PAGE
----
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Ben Wheatley

Review: Free Fire

Roughly 90 percent of Free Fire is set inside a rundown warehouse, the location for a big shoot-out between warring outlaw factions. It’s as though director Ben Wheatley decided—either embracing or spoofing a tired cliché—to stage an entire movie in the spot where action pictures invariably end up anyway. We get to know this place reasonably well in the course of the 85-minute film, and you might expect the layout to be precisely oriented for the audience. If Kathryn Bigelow had directed, we would know exactly where everybody was, how far the distance between shooting perches, and the location of the exits. That kind of geographical approach gives the audience clarity.

With Wheatley’s film, it’s a free-for-all.

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‘A Field in England’: More British Weirdness From Ben Wheatley

‘A Field in England’

Anyone innocently wandering into A Field in England can be forgiven for thinking they’ve stepped through a time portal to the late ’60s. Along with its arty approach and unexplained allegorical premise, the movie explodes into full-on psychedelia after a certain stage—all the weirder for being in black-and-white. One wants to summon a few reference points, but even this is challenging. The movie’s a little Waiting for Godot and a little Magical Mystery Tour, with Vincent Price’s character from Witchfinder General hanging around. We should invoke Monty Python, too, for the film’s grubbiness and catch-all social criticism. (Had they been younger, the surviving Pythons might’ve made a fine cast for this.)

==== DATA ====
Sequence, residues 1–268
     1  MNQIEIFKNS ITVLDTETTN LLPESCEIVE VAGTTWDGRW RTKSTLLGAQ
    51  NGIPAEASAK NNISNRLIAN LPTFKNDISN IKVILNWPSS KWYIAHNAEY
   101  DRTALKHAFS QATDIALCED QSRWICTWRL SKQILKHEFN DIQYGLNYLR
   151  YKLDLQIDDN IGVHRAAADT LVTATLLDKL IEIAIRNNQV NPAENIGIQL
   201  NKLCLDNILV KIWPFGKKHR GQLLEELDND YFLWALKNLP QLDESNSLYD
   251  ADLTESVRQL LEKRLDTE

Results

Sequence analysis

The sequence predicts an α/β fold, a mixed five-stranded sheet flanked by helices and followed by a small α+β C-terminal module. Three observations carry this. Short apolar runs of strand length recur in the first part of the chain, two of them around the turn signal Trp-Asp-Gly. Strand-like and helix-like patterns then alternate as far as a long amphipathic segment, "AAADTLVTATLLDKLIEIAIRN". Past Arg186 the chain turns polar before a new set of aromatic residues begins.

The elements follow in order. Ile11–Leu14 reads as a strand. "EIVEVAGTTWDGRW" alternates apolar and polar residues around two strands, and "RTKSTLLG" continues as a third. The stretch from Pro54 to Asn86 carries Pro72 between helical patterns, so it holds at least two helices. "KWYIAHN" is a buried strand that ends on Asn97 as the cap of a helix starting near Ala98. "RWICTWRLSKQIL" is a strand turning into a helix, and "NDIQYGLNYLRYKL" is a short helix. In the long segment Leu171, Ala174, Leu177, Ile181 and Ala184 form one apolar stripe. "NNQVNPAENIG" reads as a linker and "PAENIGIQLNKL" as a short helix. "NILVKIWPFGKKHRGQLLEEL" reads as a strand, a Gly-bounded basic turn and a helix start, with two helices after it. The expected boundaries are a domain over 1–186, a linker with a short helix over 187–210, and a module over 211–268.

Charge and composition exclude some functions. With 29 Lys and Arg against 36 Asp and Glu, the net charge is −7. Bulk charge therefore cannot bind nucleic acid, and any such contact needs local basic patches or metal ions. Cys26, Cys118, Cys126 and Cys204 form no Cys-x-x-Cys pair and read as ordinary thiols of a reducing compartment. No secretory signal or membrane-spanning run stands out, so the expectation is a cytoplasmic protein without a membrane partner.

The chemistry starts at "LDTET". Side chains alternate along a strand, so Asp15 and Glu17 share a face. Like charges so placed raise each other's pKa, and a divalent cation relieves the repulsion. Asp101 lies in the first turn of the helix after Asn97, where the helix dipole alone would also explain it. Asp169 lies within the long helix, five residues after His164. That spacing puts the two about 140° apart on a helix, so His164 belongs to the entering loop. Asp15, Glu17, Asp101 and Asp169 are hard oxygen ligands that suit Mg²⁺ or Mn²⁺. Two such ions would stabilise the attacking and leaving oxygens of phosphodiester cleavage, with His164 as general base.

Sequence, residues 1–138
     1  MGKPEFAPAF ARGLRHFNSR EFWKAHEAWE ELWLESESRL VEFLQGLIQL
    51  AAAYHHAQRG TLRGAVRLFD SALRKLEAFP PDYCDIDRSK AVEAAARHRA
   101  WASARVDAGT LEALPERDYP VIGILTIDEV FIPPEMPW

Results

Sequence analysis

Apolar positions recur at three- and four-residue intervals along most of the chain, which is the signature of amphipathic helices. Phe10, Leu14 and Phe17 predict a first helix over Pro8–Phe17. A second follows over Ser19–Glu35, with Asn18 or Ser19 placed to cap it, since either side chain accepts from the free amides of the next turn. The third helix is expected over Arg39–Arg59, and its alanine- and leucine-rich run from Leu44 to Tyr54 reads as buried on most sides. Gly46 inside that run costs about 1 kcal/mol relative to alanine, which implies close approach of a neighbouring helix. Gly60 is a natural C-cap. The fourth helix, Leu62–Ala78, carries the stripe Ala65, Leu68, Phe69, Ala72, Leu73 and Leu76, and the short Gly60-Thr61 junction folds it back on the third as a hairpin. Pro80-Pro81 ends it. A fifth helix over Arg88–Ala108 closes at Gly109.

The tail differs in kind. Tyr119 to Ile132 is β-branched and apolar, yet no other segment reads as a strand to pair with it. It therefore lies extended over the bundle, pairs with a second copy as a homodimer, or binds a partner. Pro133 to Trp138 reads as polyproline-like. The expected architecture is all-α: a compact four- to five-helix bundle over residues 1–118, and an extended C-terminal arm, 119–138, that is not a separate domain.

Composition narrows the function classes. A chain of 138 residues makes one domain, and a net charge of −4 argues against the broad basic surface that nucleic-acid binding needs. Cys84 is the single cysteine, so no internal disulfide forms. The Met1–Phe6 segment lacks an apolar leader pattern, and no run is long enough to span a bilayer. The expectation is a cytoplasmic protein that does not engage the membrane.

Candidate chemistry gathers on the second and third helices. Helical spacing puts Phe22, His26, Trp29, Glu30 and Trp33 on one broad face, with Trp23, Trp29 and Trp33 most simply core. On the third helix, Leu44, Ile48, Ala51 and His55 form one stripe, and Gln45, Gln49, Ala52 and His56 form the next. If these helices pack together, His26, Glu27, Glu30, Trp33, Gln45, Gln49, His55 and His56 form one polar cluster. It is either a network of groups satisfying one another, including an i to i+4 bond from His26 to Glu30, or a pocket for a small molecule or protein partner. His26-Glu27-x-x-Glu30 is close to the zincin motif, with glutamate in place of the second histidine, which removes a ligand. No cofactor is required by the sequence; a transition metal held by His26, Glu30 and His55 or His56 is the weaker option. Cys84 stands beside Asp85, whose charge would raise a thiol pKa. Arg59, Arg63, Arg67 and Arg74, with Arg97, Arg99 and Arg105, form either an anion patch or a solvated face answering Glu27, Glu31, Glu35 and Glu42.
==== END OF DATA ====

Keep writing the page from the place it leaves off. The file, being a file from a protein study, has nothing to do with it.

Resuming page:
The actual setting has nothing to do with Swinging London; the film’s summary says it’s set in the mid-17th century, so that’s what we’ll go with.

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‘Sightseers’: British Tourists Up to No Good

Tina (Alice Lowe) treats dogs better than humans

A geeky devotion to roadside attractions might directly correspond to an impulse to murder—or so it is suggested in Sightseers, a British black comedy with a gory backbeat. Come for the Tramway Village in Crich or the Pencil Museum in Keswick, stay for the head-bashing. The tourists are Chris (Steve Oram) and Tina (Alice Lowe), who’ve been dating a few weeks. Chris is the roadside enthusiast, a big red-bearded lunk who likes to drive his caravan to remote areas of the Midlands. To take their first road trip together, Alice must part from her nasty mother, a cranky lady who still blames her daughter for the accidental death of the family dog.

Death, accidental and otherwise, will follow the happy couple as they travel. Though apparently amiable, Chris has some very strict ideas about acceptable behavior—he is English, after all. Rudeness, littering, or acting above one’s station will set him off in ways that rapidly become homicidal. Tina is herself not entirely balanced. In fact, the two appear meant for each other; one of the film’s most amusing strokes is the suggestion that despite their antisocial tendencies, these two lunatics might actually be in love.

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